The Life and Times of J. Edgar Hoover
From MURRAY KEMPTON
T l'NCIIING, a custom now happily almost ob-
solete in America, was always a community venture and, for that reason, its history contains few chapters about arrest and trial and almost none about punishment.
Andrew Goodman, Michael Schwerner and James Chaney, three civil rights workers, were, of course, lynched in Philadelphia, Mississippi, last June. Last week the Federal Bureau of In- vestigation arrested for their murder twenty-one Mississippians, a job jot from that reality taught in the academies as the Faulknerian myth, a sheriff and his chief deputy, two gasoline station proprietors, a fundamentalist preacher. They represent a communal norm and their putative victims were entirely alien; under those circum- stances, it is unlikely that a jury can be found to convict them. Even so, the FBI's Mr. J. Edgar Hoover has not lately deserved more respect from his country, nor has he ever been pushed quite so far in its service against his best judgment.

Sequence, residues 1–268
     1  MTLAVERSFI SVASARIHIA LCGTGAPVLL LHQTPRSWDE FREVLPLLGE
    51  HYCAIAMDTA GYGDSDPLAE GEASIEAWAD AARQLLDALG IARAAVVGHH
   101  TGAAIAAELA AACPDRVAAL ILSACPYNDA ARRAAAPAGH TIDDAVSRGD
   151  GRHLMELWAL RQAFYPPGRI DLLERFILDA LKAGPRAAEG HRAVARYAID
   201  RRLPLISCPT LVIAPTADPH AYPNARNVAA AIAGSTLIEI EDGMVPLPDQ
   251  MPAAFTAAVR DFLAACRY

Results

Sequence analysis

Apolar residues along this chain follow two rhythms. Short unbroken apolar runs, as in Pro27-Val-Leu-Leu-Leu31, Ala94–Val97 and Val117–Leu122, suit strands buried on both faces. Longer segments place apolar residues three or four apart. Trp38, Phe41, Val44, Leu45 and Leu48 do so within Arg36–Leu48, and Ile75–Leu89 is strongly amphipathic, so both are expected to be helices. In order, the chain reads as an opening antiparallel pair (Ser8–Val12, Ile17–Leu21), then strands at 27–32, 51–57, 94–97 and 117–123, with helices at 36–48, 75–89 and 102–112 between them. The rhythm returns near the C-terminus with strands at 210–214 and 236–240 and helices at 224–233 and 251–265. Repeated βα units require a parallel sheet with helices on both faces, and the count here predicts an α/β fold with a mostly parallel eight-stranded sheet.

Mr. Hoover does not like to bring cases he will lose in court. This is a nation which judges performance by statistics; Mr. Hoover has always operated on the theory that the higher the risk of a criminal's acquittal, the less sensible it is to bring him to trial. Then, too, murder is not a Federal crime; the Mississippi twenty-one could not be tried for murder except by their own State courts. Mr. Hoover had obviously hoped that his bureau could find enough evidence to force Mississippi Governor Paul Johnson to action. When those hopes were deferred, the bureau itself arrested its suspects and held them for violating the civil rights of Goodman, Schwerner and Chaney, an offence which, if they are con- victed, would place upon each the burden of a year in Federal prison.